There was also in the jail, while I was there, a wicked ungodly man who was reputed a conjurer. He threatened how he would talk with me, and what he would do; but he never had power to open his mouth to me. And the jailer and he falling out, he threatened to raise the devil, and break his house down; so that he made the jailer afraid. I was moved of the Lord to go in his power and rebuke him, and to say to him, 'Come, let us see what you  can do; do your worst.' I told him, 'the devil was raised high enough in him already; but the power of God chained him down;' so he slunk away from me.

The time of Worcester fight coming on, justice Bennet sent constables to press me to become a soldier, since I would not voluntarily accept of a command. I told them, that I was brought off from outward wars. They came again to give me press-money; but I would take none. Then I was brought up to sergeant Holes, kept there awhile, and taken down again. Afterwards the constables brought me up a second time, and then I was brought before the commissioners, who said I should go to be a soldier; but I told them I was dead to it. They said I was alive. I told them where envy and hatred is, there is confusion. They offered me money twice, but I refused it. Being disappointed, they were angry, and committed me close prisoner, without bail or mainprise. Upon which I wrote to them again, directing my letter to colonel Barton, a preacher, and the rest that were concerned in my commitment. I wrote thus:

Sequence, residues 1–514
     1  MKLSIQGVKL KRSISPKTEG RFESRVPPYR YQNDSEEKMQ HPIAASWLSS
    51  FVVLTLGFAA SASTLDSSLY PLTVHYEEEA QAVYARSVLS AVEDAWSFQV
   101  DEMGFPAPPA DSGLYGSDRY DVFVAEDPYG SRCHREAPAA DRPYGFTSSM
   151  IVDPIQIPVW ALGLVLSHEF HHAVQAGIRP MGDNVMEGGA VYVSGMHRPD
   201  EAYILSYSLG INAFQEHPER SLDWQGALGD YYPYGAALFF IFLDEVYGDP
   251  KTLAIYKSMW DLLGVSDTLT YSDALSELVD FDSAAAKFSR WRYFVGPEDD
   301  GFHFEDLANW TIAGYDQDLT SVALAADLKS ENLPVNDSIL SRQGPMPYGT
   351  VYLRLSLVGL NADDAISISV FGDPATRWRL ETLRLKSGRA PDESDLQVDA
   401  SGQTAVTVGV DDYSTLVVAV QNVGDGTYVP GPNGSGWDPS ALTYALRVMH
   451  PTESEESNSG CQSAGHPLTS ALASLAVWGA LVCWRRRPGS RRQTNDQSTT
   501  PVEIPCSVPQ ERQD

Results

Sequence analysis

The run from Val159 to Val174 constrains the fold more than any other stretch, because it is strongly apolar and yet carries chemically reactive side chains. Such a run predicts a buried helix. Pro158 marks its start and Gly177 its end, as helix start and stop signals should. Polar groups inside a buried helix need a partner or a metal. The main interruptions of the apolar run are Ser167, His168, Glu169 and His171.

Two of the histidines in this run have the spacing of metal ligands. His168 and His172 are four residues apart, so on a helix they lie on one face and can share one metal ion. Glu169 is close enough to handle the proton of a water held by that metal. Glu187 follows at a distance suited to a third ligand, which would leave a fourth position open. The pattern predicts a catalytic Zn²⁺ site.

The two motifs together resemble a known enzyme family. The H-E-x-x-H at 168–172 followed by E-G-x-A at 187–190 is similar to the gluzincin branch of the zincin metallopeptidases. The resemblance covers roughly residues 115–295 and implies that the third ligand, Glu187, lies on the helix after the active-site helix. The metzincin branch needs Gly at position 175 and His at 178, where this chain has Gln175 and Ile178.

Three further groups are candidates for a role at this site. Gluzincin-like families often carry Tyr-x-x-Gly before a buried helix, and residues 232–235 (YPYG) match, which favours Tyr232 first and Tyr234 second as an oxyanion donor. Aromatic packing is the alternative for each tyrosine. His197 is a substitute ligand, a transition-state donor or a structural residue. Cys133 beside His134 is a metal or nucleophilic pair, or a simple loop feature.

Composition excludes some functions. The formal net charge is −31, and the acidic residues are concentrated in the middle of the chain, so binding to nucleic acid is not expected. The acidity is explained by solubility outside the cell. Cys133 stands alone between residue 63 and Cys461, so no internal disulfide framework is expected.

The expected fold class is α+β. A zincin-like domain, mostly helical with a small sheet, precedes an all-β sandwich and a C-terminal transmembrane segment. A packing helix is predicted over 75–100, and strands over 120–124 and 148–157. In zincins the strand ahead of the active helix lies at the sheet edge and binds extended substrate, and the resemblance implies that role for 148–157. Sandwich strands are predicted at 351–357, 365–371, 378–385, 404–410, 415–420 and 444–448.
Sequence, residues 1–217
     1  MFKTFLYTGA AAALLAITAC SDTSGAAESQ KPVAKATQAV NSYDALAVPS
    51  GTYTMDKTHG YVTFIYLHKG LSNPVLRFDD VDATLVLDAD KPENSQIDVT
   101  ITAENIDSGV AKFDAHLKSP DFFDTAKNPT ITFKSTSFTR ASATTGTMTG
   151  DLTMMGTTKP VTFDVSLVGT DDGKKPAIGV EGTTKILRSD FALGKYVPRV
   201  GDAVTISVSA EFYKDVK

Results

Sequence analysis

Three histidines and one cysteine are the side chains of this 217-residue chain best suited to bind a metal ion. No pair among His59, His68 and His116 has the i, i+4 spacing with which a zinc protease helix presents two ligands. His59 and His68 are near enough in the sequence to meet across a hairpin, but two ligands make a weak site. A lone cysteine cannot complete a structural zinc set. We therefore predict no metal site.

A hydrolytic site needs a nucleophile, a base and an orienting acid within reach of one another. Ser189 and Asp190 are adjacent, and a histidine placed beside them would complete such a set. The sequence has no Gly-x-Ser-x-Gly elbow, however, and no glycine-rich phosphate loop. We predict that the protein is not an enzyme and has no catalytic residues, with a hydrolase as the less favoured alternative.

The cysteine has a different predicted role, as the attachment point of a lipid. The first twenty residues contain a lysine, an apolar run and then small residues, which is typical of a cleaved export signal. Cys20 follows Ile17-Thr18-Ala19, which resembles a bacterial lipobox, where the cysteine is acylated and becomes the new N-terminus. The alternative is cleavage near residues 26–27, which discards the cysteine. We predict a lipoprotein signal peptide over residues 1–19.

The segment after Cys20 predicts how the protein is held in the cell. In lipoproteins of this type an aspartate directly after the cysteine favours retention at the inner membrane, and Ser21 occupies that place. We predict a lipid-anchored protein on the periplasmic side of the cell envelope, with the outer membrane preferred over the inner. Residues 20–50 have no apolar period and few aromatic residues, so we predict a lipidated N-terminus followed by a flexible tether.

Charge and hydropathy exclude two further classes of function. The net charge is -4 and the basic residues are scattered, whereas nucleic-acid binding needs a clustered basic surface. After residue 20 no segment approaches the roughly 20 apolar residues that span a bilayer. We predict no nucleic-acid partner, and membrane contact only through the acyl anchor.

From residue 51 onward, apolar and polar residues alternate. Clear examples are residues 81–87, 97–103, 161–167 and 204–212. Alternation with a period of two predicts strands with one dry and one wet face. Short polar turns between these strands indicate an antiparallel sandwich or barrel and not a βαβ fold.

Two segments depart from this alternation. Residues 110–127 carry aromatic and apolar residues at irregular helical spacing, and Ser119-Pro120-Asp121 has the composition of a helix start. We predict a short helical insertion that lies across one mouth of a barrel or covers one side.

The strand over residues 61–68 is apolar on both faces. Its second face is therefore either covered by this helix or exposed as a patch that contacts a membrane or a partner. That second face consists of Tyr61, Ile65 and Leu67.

You who are without Christ and yet use the words that he and his saints have spoken, consider neither he nor his apostles did ever imprison any; but my savior is merciful even to the unmerciful and rebellious. He brings out of prison and bondage; but men, while the carnal mind rules, oppress, and imprison. My savior said, "Love your enemies, and do good to them that hate you, and pray for them that despitefully use and persecute you." For the love of God does not persecute any, but loves all where it dwells. "He that hates his brother is a murderer." You profess to be Christians, and one of you a minister of Jesus Christ; yet you have imprisoned me, who is servant of Jesus Christ. The apostles never imprisoned any, but were imprisoned themselves. Take heed of speaking of Christ in words, and denying him in life and power. Oh friends, the imprisoning of my body is to satisfy your wills; but take heed of giving way to your wills, for that will hurt you. If the love of God had broken your hearts, you would not have imprisoned me; but my love is to you, as to all my fellow creatures. This is written that you may weigh yourselves, and see how you stand.

About this time I was moved to give forth the following lines, to go among the convinced and tender people, to manifest the deceits of the world, and how the priests have deceived the people.

To all you that love the Lord Jesus Christ with a pure and naked heart,
and the generation of the righteous.